Although SBIRS was designed primarily for missile defense purposes, its short- and mid-wave IR sensors can detect any significant infrared event on the globe, including explosions, fires, and plane crashes. SBIRS provides satellite IR data on thousands of non-missile related events every year. The National Air and Space Intelligence Center keeps “a catalog of signatures—electromagnetic and IR—of aircraft, missiles and other military hardware operating globally.” This can be used to understand what’s going on in crowded operational theaters where there are many actors at play.12

In January 2020, SBIRS detected over a dozen Iranian missile launches targeting U.S. personnel in Iraq. The U.S. Space Force revealed SBIRS’ role in detecting these launches in September 2020.13

Furthermore, TECHINT provided by SBIRS is likely to have helped the U.S. intelligence community piece together the events surrounding the shooting down of Malaysia Airlines Flight 17 (MH17) by a Russian-made BUK missile on July 17, 2014. “[SBIRS] can filter out information about a specific event. The shootdown of an airliner would produce a hot explosion, and operators could likely use the system’s infrared data to forensically image the plume of the offending missile and, perhaps, an approximate location of its launch point. The data could then be correlated against other sources of intelligence to suggest who commanded that particular missile.”14

The system’s non-missile detection role has increased exponentially since its launch. The U.S. Air Force detected and tracked 8,000 IR events in all of 2014 and had already detected over 7,000 between January and August 2015. This increased role will be supported by the creation of a Joint Overhead Persistent Infrared Battlespace Awareness Cell expected to be operational by mid-2016.15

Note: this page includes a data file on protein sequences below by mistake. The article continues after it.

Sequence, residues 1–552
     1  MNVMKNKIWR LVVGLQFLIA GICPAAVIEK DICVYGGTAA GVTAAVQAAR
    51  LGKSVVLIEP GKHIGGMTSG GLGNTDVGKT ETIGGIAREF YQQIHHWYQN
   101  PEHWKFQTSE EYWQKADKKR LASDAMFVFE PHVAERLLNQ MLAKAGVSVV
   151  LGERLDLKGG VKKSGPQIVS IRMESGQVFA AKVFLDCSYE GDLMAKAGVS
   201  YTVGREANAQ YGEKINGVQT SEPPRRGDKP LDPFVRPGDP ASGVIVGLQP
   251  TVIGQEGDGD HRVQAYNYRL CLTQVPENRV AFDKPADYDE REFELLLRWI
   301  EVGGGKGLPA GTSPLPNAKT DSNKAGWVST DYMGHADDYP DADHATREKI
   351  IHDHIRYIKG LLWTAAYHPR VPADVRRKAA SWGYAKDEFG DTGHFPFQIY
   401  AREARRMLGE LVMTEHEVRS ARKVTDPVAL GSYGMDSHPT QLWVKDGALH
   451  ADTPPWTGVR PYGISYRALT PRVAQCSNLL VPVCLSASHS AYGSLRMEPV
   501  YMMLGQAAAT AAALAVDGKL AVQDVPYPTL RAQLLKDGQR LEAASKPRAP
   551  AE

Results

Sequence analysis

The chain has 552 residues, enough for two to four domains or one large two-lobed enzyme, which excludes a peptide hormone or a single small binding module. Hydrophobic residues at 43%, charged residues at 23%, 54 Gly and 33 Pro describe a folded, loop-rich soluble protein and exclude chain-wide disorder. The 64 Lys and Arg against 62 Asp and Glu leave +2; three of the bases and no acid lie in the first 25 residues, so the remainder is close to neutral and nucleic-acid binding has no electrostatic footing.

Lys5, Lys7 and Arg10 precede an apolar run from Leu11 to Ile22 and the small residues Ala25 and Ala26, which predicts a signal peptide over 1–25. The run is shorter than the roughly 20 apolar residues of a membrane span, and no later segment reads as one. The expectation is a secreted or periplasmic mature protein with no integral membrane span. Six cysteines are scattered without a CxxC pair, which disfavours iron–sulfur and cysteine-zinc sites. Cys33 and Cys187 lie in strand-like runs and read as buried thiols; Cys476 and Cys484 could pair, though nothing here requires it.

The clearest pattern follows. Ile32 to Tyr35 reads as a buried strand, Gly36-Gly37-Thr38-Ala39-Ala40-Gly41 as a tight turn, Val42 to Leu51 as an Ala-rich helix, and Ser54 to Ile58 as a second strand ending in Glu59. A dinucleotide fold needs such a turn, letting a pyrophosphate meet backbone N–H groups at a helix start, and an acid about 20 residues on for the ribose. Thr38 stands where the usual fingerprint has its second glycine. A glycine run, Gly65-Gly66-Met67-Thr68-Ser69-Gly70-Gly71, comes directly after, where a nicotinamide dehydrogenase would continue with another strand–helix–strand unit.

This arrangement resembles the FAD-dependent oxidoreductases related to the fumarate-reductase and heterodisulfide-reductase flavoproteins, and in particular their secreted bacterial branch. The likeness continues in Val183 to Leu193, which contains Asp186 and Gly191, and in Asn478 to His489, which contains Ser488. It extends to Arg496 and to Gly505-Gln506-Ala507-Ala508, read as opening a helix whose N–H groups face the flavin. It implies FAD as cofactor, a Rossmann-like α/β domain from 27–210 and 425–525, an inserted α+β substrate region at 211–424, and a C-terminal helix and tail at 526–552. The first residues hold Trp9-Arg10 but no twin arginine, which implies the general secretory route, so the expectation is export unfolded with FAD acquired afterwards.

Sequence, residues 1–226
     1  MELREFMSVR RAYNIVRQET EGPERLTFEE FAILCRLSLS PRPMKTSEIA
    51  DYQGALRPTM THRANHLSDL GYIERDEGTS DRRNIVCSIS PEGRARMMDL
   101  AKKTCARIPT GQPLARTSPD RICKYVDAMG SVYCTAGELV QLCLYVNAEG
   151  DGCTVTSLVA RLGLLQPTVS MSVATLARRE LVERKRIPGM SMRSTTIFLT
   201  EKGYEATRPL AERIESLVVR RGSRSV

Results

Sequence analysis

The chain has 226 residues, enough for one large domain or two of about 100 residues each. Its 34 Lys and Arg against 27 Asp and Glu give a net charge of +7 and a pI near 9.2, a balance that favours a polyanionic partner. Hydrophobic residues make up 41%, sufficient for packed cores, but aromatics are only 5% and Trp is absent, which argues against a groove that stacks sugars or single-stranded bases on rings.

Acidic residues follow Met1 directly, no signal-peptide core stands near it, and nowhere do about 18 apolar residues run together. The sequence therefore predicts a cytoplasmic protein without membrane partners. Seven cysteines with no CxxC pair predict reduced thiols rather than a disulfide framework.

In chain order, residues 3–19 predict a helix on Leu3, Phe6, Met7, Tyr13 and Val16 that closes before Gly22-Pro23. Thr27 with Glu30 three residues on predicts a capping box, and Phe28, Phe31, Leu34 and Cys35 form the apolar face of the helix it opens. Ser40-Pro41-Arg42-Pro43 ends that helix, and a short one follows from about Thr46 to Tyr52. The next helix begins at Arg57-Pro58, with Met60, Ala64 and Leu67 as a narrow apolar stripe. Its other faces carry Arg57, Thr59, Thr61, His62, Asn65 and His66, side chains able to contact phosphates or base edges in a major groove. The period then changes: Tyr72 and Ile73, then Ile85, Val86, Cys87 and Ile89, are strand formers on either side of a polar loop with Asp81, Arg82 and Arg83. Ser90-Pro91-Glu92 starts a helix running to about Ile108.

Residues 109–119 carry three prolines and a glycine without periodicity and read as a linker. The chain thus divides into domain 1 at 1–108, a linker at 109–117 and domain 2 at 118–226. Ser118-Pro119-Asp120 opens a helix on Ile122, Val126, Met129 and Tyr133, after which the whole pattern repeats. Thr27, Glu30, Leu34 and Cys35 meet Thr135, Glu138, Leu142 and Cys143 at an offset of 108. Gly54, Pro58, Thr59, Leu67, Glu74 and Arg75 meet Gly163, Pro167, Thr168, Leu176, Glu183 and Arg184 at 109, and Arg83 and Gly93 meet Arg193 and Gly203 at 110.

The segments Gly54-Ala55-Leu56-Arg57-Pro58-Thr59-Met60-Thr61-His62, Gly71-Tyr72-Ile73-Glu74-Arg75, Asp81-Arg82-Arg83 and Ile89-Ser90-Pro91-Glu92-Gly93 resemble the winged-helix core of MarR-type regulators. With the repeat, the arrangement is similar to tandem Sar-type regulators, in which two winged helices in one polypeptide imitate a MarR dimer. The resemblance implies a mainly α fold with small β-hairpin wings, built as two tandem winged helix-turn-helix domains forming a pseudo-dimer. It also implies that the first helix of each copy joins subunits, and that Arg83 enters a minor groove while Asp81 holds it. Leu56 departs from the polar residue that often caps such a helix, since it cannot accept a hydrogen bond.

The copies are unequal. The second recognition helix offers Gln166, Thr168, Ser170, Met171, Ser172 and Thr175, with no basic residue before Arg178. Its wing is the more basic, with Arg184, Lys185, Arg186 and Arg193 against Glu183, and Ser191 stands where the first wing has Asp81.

The Next-Generation Overhead Persistent Infrared (“Next Gen OPIR”) constellation in development is planned to supplement and eventually replace SBIRS.16 The USAF initiated the program in 2018, and the first satellite is scheduled to launch in 2025.17


    1. “Space Based Infrared System,” U.S. Air Force, November 23, 2015,
    2. “Space Based Infrared System” U.S. Air Force, November 23, 2015,
    3. Loren Thompson, “SBIRS: The Pentagon’s Most Important Space Program For Preventing Nuclear War,” Forbes, June 8, 2015,
    4. Amy Butler, “An Unprecedented Peek Behind the Sbirs Veil, ” Aviation Week & Space Technology, October 20, 2015,
    5. Amy Butler, “An Unprecedented Peek Behind the Sbirs Veil,” Aviation Week & Space Technology, October 20, 2015,
    6. Marcia S. Smith, Military Space Programs: Issues Concerning DOD’s SBIRS and STSS Programs (CRS Report No. RS21148), (Washington, DC: Congressional Research Service, January 30, 2006),
    7. “Infrared Satellites,” Los Angeles Air Force Base, November 21, 2012,
    8. Amy Butler, “An Unprecedented Peek Behind the Sbirs Veil,” Aviation Week & Space Technology, October 20, 2015,
    9. Loren Thompson, “SBIRS: The Pentagon’s Most Important Space Program For Preventing Nuclear War,” Forbes, June 8, 2015,
    10. “Trumpet 4, 5 / SBIRS HEO-1, 2” Gunter’s Space Page (blog), last updated April 11, 2020,
    11. Paul Dykewicz, “SBIRS Becomes High-cost Priority Amid Cuts,” Space News, May 31, 2021,
    12. Amy Butler, “An Unprecedented Peek Behind the Sbirs Veil,” Aviation Week & Space Technology, October 20, 2015,
    13. Nathan Strout, “US Space Force confirms Space Based Infrared System detected missile attack in January,” C4ISRNet, September 15, 2020,; Nathan Strout, “Exclusive: How the Space Force foiled an Iranian missile attack with a critical early warning,” C4ISRNet, January 7, 2021,
    14. Amy Butler, “An Unprecedented Peek Behind the Sbirs Veil,” Aviation Week & Space Technology, October 20, 2015,
    15. Amy Butler, “An Unprecedented Peek Behind the Sbirs Veil,” Aviation Week & Space Technology, October 20, 2015,
    16. Brian Everstine, “Lockheed Receives Up to $4.9 Billion for Next-Gen OPIR Satellites,” Airforce Magazine, January 5, 2021,
    17. Sandra Erwin, “GAO flags concerns about procurement of DoD’s early warning satellites,” Space News, June 3, 2020,